Health

The Top Public Health Priority

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In the last five years, nearly 3,800 Massachusetts residents have died from opioid and/or prescription drug overdoses. Thousands more have overdosed on the drugs, but have eluded death, mostly through the heroic efforts of first responders. And while multiple efforts have been undertaken by many people to attack the epidemic, and some progress has been achieved, deaths and overdoses are still occurring.

The human body's largest organ

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Our skin. It covers our entire body and it’s our largest organ. It controls our body temperature and provides protection from bacteria and viruses. At the same time, it’s subject to a number of diseases and conditions – from rashes to rosacea, from acne to eczema, to the deadly skin cancer of melanoma.
The March episode of Physician Focus with the Massachusetts Medical Society takes a look at some of the more common skin diseases with two members of the Massachusetts Academy of Dermatology, the statewide specialty group of medical doctors specializing in caring for the skin.

A Kidney for Justin

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Meet Justin. He just turned 14 years old and is finishing up 8th grade. He enjoys playing Call of Duty and Minecraft like other kids his age. Justin hasn't had much time for games recently.

Justin was recently put on dialysis and is in desperate need of a kidney.

Physicial Requirements:
Age - Under 63 years old
BMI - Under 30
Blood Type - O
Must be a non-smoker

Required Participant Information:
Full legal name
Blood Type
Date of Birth
Social Security Number
Address
Phone Number
Email Address

The Invisible Injury

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It has become the subject of a major motion picture, and it has raised fears among parents about their children’s participation in sports. The injury is concussion.

Rebound: The Chris Herren Story

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Chris Herren, a basketball legend from Fall River, Massachusetts, dreamed of one day playing for his hometown team, the Boston Celtics. An All-American, Chris broke scoring records, was recruited by top colleges, featured in Sports Illustrated and became the focus of an acclaimed book, "Fall River Dreams". Herren realized his lifelong dream of playing in the NBA when he was drafted by the Denver Nuggets in 1999 and was traded to the Boston Celtics after his rookie season, but lost it all due to substance abuse.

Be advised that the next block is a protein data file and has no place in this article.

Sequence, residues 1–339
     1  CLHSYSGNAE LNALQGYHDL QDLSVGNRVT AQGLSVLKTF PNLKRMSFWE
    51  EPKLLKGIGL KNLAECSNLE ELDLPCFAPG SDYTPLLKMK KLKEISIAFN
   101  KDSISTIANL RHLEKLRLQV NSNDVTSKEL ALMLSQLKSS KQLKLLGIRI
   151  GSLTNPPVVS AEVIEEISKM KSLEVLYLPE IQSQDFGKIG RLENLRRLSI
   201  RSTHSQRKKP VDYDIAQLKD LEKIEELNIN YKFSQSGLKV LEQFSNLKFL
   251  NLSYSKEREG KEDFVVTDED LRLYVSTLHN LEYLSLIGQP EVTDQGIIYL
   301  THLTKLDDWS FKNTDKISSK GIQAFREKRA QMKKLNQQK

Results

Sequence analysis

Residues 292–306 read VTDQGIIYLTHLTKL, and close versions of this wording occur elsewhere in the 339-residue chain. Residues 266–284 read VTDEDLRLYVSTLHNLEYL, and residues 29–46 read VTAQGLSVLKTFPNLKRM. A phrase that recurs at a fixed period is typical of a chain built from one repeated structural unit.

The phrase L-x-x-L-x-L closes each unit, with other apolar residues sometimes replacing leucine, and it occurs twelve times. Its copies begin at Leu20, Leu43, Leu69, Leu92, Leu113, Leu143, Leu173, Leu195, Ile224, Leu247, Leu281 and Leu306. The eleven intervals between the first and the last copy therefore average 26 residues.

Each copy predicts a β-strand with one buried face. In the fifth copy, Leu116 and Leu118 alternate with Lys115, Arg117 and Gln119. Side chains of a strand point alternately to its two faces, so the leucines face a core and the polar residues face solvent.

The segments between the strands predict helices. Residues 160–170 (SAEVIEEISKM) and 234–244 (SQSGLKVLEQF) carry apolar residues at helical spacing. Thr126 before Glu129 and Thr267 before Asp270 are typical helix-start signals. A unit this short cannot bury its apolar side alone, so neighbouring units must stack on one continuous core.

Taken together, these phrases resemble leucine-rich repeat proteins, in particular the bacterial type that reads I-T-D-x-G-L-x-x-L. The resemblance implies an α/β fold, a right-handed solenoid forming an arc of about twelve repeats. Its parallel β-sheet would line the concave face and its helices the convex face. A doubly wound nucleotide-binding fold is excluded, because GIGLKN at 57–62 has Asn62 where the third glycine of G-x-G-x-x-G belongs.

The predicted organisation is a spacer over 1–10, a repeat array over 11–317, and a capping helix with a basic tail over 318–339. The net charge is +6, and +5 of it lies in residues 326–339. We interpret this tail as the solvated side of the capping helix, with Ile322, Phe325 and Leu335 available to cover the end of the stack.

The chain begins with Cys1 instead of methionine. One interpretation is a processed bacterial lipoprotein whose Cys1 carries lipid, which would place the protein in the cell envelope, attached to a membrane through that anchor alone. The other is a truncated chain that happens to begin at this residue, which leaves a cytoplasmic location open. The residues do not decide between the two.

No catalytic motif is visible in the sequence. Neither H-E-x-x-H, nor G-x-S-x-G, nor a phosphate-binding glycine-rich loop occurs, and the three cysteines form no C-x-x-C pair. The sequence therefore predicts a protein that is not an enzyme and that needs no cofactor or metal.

“Lose it for the Library!” Challenge Generates $2500 for the Library Building Project

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Hopkinton Public Library Foundation, Inc. (HPLF) has received another exciting boost in its fundraising via the Hopkinton Weight Loss Challenge. With the help of 167 participants, “Lose it for the Library” raised $2,500 for the planned restoration, renovation and expansion of Hopkinton Public Library.

The Healthiest Years of Your Life: Hopkinton Holistic Health Speaker Series

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Golden Pond Assisted Living is hosting a series of talks at 50 West Main Street in Hopkinton. Each talk takes place at 7:00 PM, and light snacks and beverages will be available at each talk.

February 4 - Natural Easy Weight Loss
Without torture diets or extreme exercise. Feel fantastic when you look in the mirror!
Dr. Geoff DeOauka offers scientifically proven methods to lose weight easily without starving, counting calories or extreme exercise. Make this the year you lose the weight.

Be Mindful – And Healthier

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Daily life can bring many stresses and strains such as family demands, financial pressures, and occupational tension. These stresses can cause fatigue, lack of sleep, and other physical conditions than can harm our health.

One approach to dealing with these conditions is called mindfulness. Begun more than 30 years ago, the practice of mindfulness is now entering mainstream medicine.

Lose it for the Library!

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Have you been thinking about getting in shape in 2016 or turning the page on a healthier diet after the holidays? CrossFit Resilience (CFR) has just the program for you: “Lose it for the Library!” - a weight loss challenge for Hopkinton starting January 7, 2016.

Women and Heart Disease

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Here’s what may be a surprising fact to many: Cardiovascular disease is the number one cause of death in American women. It kills more women each year – some 400,000 lives -than all cancers combined.

Yet nearly half of women – some 44 percent according to the American Heart Association – are unaware that it’s the number one threat to their health.

Why such a lack of awareness? One reason is a lack of research.

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